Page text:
If You're Not Doing Hardware/Software Co-Design, You're Doing It Wrong!
Updated: Jun 23, 2021
Quinn Jacobson, SiPanda Hardware Architect, Thursday June 24, 2021
One of SiPanda’s founding values is that the hardware and software making up high-performance networks I/O solutions need to be “co-designed” to ensure that they meet customer needs. So what does it mean to co-design a solution? Before we jump into that topic (our next blog), let’s talk about what co-design is not – static hardware/software partitioning.
System design revolved around partitioning a problem (and system that solves it) into smaller and smaller pieces that individual teams could work on independently. Historically, the first partitioning is usually between the hardware and software, with a rigid documented contract between the two. When problems are static and well-understood, this approach can work well. It allows teams to focus on their area of expertise and execute independently of each other.
However, statically partitioning hardware and software can lead to huge inefficiencies, and even failures, due to the presence of one or more factors:
Unknowns: If parts of a problem are undefined or poorly understood in the original planning phase, there is a risk that the “onion-peeling” of problem/solution definition will (sometimes radically) upset the partitioning that has already been done. The same is true if there are significant portions of the solution that utilize new or unproven technologies. Too often teams stick to the plan and continue to build their part even when it should be obvious that what they are doing no longer makes sense. This leads to overly complex, inefficient, and even nonsensical, solutions to what should be simple problems.
Problem Evolution over Time: This is similar to the “unknowns” problem, but the problem definition changes over time as the solution must support new needs. This can (to some extent) be accommodated by building in “reserves” (unused processing or storage resources, for instance), or planning moves to new process steps (bigger, faster ASICs and FPGAs over the life of a solution). Often teams stubbornly stick to a partitioning of the problem that is grossly outdated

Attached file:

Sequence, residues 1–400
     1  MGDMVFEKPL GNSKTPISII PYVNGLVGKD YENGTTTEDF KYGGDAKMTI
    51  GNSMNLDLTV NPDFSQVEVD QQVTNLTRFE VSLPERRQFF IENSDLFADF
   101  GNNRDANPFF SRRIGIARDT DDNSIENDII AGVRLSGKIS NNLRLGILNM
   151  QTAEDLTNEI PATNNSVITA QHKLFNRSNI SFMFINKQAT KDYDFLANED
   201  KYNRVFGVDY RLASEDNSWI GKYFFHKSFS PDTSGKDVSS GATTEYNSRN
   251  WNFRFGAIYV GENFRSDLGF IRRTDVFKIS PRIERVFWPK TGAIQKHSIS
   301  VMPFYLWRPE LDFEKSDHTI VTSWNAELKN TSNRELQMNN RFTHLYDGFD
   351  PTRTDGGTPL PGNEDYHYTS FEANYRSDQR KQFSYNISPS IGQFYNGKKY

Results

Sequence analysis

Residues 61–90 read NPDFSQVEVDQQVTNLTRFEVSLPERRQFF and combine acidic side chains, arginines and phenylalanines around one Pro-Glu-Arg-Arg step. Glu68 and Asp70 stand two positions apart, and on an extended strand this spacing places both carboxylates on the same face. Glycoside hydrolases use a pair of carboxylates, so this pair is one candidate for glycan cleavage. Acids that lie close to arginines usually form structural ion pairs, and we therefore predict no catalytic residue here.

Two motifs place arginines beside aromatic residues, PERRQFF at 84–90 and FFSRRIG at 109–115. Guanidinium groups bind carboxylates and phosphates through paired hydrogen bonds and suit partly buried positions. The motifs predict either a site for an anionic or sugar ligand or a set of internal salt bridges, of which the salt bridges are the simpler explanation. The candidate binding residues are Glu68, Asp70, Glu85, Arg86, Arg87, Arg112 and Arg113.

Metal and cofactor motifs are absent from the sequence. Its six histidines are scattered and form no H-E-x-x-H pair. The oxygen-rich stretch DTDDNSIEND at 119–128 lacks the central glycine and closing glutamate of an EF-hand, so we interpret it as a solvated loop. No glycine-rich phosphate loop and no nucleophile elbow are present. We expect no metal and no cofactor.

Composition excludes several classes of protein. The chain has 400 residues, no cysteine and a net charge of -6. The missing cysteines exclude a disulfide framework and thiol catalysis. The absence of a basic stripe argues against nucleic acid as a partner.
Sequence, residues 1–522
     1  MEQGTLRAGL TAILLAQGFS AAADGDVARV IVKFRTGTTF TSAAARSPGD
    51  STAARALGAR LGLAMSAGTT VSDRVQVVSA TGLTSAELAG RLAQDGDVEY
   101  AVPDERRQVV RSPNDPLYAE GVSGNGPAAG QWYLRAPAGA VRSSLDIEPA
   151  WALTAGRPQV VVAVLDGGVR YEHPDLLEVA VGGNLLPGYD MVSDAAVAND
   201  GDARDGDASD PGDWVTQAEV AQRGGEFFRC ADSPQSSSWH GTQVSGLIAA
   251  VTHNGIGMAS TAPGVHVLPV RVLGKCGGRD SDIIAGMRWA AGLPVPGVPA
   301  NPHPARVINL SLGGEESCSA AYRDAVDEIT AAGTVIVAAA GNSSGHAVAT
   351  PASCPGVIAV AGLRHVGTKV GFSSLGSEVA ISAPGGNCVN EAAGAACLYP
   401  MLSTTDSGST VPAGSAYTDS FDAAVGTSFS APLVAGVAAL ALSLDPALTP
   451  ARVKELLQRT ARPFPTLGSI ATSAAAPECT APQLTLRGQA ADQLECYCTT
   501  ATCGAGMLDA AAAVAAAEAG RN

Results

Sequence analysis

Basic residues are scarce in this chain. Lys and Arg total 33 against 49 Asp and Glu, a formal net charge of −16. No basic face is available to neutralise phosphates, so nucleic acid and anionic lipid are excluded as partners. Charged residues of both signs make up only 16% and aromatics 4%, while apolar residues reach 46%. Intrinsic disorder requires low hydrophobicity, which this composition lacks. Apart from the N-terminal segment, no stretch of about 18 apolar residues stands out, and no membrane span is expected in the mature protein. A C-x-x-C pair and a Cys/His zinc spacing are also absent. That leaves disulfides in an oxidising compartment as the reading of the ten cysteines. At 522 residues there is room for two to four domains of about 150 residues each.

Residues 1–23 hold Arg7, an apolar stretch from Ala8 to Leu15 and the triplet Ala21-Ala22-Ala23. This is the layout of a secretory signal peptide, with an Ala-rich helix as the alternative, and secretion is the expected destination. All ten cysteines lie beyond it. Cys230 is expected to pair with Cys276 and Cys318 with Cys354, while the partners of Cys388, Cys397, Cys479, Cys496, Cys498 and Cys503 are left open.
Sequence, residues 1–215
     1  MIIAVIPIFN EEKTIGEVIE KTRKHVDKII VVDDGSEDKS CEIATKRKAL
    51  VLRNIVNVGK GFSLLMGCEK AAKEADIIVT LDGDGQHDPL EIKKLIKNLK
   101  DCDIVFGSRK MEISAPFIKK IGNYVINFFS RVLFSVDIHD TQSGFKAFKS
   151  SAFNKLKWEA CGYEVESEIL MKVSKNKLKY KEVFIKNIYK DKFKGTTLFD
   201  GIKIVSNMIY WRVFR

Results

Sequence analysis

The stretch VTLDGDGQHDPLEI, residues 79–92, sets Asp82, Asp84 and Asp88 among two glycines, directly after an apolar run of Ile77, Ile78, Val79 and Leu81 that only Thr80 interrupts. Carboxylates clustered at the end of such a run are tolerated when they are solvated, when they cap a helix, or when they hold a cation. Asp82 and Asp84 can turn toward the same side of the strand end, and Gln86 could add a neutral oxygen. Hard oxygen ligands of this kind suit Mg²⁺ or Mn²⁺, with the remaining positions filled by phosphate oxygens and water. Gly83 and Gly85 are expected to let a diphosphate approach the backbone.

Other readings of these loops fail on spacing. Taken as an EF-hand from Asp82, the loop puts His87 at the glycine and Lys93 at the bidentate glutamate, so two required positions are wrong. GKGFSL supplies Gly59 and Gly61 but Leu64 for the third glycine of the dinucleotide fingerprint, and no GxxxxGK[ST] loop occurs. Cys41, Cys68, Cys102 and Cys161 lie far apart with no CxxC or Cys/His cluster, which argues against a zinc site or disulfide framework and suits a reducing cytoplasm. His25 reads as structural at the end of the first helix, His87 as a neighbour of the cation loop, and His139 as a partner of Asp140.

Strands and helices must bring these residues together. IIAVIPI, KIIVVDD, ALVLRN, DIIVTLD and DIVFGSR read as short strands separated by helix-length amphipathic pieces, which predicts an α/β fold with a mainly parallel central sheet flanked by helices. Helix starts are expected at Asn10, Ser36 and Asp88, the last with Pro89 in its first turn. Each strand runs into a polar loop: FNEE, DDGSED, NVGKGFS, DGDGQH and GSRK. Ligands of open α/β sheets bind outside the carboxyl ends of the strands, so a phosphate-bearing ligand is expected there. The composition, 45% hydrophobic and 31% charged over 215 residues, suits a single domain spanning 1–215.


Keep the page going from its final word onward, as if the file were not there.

Changes in Related Systems: · One should frequently stop and ask themself if the assumptions behind an approach are still valid, otherwise you are at risk of solving the wrong problem. Distributed computation has typically had three large “blocks” – computing, storage, and networking. Since the early 2000s and the introduction of virtualized computation, storage was the slowest link in the equation. This changed with the introduction of flash storage (especially NVMe storage), which by around 2018 moved networking to the “slowest part of the chain”. This pattern is repeated on an often-predictable basis, though the causative factors or technologies for these transitions are not often known in advance.
All of these tend to make solutions based on a rigid problem/system partitioning fragile and brittle, a trend that is only increasing over time. That is why co-design, which uses a “dynamic” contract between hardware and software that evolves as needed, is so critical – if done well, it allows adaptation of a solution architecture to risks, unknowns, and ecosystem changes. We will look more in depth at this in our next blog.
SiPanda was created to rethink the network datapath and bring both flexibility and wire-speed performance at scale to networking infrastructure. The SiPanda architecture enables data center infrastructure operators and application architects to build solutions for cloud service providers to edge compute (5G) that don’t require the compromises inherent in today’s network solutions. For more information, please visit www.sipanda.io. If you want to find out more about PANDA, you can email us at firstname.lastname@example.org.